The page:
How do Americans show respect for the bodies and memories of the deceased?
African enslavement played a key role in building European colonial settlements during the 17th and 18th centuries. Dutch traders laid the foundations for the place now known as New York in 1626. They enslaved Africans for manual labor in New Amsterdam, now New York. The enslaved population grew when Great Britain took control of the colony in 1664. By the time of the American Revolution, the New York region contained the largest concentration of African and African-descendant populations in the northern colonies.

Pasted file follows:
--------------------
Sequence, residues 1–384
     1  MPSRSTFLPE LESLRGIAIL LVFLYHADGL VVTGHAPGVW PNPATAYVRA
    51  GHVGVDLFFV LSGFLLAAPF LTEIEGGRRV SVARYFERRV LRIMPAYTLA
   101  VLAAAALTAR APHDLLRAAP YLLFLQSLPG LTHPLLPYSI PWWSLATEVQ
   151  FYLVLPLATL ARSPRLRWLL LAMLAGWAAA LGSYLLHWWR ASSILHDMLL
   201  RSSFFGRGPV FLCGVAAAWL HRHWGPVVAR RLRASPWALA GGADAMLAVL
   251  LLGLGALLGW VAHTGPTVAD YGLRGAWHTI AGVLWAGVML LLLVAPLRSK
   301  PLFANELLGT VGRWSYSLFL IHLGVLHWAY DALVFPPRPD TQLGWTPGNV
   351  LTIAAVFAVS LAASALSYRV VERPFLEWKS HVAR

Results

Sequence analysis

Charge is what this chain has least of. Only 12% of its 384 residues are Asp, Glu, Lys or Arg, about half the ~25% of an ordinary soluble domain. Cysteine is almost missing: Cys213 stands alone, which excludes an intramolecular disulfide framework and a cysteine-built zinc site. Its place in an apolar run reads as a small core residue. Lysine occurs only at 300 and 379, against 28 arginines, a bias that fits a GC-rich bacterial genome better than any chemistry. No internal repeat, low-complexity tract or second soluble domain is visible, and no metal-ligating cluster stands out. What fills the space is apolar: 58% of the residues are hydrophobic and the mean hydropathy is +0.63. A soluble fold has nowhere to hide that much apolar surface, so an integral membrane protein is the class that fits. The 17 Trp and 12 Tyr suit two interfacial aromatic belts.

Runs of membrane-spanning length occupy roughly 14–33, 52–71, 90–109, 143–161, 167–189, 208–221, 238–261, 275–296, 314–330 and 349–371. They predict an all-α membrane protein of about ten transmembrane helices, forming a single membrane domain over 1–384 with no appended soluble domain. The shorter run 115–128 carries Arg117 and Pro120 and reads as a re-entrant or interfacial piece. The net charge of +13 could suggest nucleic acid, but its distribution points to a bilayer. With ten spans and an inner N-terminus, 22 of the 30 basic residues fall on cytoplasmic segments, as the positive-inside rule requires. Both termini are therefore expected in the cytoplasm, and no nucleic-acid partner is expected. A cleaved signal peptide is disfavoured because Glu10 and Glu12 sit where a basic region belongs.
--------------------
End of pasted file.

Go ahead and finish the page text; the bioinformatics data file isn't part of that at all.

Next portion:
For over 200 years, a forgotten cemetery stayed hidden beneath layers of concrete in downtown Manhattan in New York City. But in 1991, archeologists uncovered the cemetery and found evidence of the lives and deaths of over 8,000 Africans and Americans of African descent. The skeletal remains of 419 individuals were exhumed, examined, and reburied at the site of discovery. Today, the cemetery site is the African Burial Ground National Monument. African Burial Ground today is the nation’s earliest and largest known African American cemetery.